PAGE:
A Bird of a Different Feather
Thursday, January 19, 2006
If you've always thought of "Swan Lake" as being all about the ballerina, the National Ballet of Canada has news for you. Move aside, tutus. This is a man's world.
In James Kudelka's version of the classic work, performed by the Canadian troupe Tuesday at the Kennedy Center Opera House, the men hold the spotlight. Purists, don't worry: The swans are still women (the homoeroticism doesn't go quite as far as in Matthew Bourne's fabulously alternative Broadway version, with its flocks of boy birds). But this is definitely Prince Siegfried's story, his journey to find himself, and leading him on that journey is not the swan princess Odette but the manipulative sorcerer Rothbart, who figures in nearly every scene.
This is not a full overhaul of the ballet, but rather a change in emphasis. The theme remains largely the same -- the flourishing of true love outside the confines of society, a doomed love that death can't tarnish. Kudelka tinkers with the cast of characters, underscoring Rothbart, who in more traditional accounts is usually confined to lurking behind rocks. Odette, the juicy starring role that ballerinas live for, is effectively sidelined in this production.
The problem with this lavishly dressed and designed production, which premiered in Toronto in 1999 and is being seen in this country for the first time here, is that the tinkerings don't add up to improvements. Though certain dramatic moments are played up, the ballet feels emotionally flat. The love story at its core has been overshadowed; neither Siegfried nor Odette is fleshed out enough to feel real and sympathetic. If it's a wild ride of the heart you're after in "Swan Lake," this version may not be for you.
Nor has Kudelka succeeded in improving upon the classic choreography. There are passages of beauty and musicality -- particularly in the final lakeside scene, with the waves of swans matching the sweep of the Tchaikovsky score -- and there are several meaty solos danced with verve and passion. But there are also more than a few episodes of banal choreography that underwhelms at best and fights with the music at worst.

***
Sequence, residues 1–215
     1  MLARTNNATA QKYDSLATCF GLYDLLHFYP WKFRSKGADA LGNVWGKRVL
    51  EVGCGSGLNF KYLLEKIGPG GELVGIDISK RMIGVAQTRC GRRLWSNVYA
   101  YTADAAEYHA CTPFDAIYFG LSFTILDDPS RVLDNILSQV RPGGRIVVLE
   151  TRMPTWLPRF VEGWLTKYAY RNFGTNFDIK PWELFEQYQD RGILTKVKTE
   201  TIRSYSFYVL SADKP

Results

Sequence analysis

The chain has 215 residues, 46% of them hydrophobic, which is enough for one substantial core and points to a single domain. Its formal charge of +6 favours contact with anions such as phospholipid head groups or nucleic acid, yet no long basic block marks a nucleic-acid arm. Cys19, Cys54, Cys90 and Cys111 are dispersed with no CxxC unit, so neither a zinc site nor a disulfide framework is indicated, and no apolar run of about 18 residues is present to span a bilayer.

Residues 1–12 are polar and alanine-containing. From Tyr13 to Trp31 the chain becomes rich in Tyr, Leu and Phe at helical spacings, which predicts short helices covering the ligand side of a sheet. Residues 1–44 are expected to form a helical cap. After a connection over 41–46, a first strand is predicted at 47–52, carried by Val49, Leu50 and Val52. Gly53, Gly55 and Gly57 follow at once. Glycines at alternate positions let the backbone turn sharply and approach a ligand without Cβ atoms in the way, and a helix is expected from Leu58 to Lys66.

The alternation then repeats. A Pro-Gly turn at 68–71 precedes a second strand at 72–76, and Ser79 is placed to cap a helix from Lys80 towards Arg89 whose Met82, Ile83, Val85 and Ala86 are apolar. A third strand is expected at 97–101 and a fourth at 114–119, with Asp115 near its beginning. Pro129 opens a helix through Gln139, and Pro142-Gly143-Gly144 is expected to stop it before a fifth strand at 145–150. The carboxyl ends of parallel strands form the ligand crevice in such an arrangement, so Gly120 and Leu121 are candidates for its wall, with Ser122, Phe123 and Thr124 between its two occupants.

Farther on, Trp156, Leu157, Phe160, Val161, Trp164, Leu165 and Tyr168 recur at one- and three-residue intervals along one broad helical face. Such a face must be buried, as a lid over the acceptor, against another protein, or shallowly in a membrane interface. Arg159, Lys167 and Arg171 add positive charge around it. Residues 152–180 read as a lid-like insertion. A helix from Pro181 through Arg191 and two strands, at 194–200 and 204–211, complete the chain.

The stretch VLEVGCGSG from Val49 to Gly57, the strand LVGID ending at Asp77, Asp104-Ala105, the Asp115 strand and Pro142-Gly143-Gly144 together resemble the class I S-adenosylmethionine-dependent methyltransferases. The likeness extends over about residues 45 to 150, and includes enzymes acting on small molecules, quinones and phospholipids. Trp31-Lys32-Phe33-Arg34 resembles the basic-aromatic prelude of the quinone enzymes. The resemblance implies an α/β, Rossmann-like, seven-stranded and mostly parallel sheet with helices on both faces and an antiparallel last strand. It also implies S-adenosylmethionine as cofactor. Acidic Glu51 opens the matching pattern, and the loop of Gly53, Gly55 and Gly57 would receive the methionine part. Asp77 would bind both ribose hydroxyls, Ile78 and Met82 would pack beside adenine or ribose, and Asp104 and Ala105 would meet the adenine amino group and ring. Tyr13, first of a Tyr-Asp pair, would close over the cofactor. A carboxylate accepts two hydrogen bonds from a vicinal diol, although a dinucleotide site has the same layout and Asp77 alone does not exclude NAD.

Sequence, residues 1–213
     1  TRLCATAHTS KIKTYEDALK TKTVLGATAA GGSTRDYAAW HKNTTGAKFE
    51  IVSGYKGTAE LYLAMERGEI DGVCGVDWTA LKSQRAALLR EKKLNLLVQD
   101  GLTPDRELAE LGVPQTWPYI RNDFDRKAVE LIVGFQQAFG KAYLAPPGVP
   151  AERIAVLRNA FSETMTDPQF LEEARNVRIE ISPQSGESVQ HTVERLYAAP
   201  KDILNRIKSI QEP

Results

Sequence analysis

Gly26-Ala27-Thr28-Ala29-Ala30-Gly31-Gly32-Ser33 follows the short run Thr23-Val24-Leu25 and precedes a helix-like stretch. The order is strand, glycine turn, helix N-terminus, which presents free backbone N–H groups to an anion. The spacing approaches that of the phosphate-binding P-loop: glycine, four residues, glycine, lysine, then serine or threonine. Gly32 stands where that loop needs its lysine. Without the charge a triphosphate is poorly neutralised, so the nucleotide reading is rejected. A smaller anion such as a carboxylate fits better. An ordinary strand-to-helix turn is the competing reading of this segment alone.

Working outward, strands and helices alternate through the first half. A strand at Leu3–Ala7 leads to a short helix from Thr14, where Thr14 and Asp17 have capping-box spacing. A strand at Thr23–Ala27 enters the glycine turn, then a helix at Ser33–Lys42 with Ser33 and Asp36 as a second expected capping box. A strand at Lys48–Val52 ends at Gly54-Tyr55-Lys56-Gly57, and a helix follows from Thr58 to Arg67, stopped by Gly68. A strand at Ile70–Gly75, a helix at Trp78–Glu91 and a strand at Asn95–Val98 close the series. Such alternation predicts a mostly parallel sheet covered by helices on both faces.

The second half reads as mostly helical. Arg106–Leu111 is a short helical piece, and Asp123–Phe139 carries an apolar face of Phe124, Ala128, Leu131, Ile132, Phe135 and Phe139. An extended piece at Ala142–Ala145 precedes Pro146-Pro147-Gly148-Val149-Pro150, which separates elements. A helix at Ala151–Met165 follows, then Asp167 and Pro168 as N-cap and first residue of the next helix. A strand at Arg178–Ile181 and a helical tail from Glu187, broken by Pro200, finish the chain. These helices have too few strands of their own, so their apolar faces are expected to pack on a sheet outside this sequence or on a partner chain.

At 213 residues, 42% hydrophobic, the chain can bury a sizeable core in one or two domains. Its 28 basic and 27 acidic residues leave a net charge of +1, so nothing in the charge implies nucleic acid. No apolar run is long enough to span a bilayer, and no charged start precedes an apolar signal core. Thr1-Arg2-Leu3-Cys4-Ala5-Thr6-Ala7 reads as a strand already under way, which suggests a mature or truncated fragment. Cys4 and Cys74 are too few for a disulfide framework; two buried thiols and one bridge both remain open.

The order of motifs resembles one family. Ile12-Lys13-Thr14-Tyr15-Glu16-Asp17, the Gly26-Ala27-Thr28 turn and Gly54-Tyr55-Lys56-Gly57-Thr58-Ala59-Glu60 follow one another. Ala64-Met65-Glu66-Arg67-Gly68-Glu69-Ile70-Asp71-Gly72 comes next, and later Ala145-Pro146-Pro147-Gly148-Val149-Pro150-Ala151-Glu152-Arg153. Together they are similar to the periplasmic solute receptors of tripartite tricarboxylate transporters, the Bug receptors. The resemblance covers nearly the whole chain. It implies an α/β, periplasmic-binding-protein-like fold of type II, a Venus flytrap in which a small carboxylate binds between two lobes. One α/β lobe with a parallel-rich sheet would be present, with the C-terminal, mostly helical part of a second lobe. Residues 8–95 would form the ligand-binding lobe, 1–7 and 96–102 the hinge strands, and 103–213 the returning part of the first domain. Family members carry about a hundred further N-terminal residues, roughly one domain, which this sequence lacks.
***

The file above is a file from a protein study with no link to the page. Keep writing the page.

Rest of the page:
A dramatic tone is set through a prologue in which a magnificently winged Rothbart (Ryan Boorne) plunges a sword into the stage as a premonition of the destruction to come. The drama quickly dials down a few notches, however, and it takes a while for any more momentum to build. Prince Siegfried, a regal looking Aleksandar Antonijevic, is feted on his birthday not by the royal court in all its finery but by his drinking buddies.
The music calls for pomp -- but we're given eight guys and a wench, and they're not much of a party. The dancing was limited to a rather humdrum roll call of male technique. Missing was a sense of connection among the dancers -- some good-natured competitiveness, perhaps, or a bit of camaraderie -- to fill out the picture emotionally. When the Queen makes an appearance to remind her son that he must choose a bride, which is typically the heart of the scene, it feels like an afterthought. Kudelka overlooks the key tension in these opening moments, the conflict felt by a prince torn between his professional duties and a heart that longs for freedom. When, in the traditional version, the stage is filled with waltzing couples blithely demonstrating how wonderful marriage and court life are, and the Prince stands coldly apart, you get this message. But here, when the stage is filled with the Prince's pals, passing around the wench and the wine cups, and he stands coldly apart, the message is less clear. Does he just not care for this gal in particular (danced with bright vigor by Stephanie Hutchison) or is he put off by women in general? Or does the crowd simply bore him?
Rothbart reappears by the titular lake in Act 2, turning the pas de deux between the Prince and Odette into a somewhat clumsy threesome. It's a harsh environment for love to blossom in, anyway, what with the mood-killing bright lights -- there's no moonlight here, but rather the cold glare of a cloudy sky. With Rothbart squiring her around, poor Odette, the willowy, doe-eyed Greta Hodgkinson, can't express her feelings, so no sparks fly between her and the Prince. Oddly, Kudelka succeeds in throwing water on the hottest love scene of the evening.
The third act, the ball that the Queen has organized to force her son to finally choose a mate, is the most successful, an eye-filling spectacle of glowing lanterns and jewel-toned costumes. Portaying the second half of her dual role, Hodgkinson makes a strong impression as the party-crashing Odile, the brilliant and gleefully vicious black swan escorted in by Rothbart to trick the Prince into breaking his vow to Odette.
A nicely executed magic trick involving waves of billowing silk depicts a catastrophic flooding of the castle as Prince Siegfried breaks his promise. In keeping with the relocated focus of this ballet, it is not Odette who throws herself into the lake in the end, nor do Odette and Siegfried leap in together in a suicide pact. It is Siegfried alone who perishes, quite picturesquely, after a gallant and protracted struggle with Rothbart.
What becomes of Odette? She gets a bit forgotten amid more swirling silk. But then, she's not really the point, is she?
Performances continue through Sunday.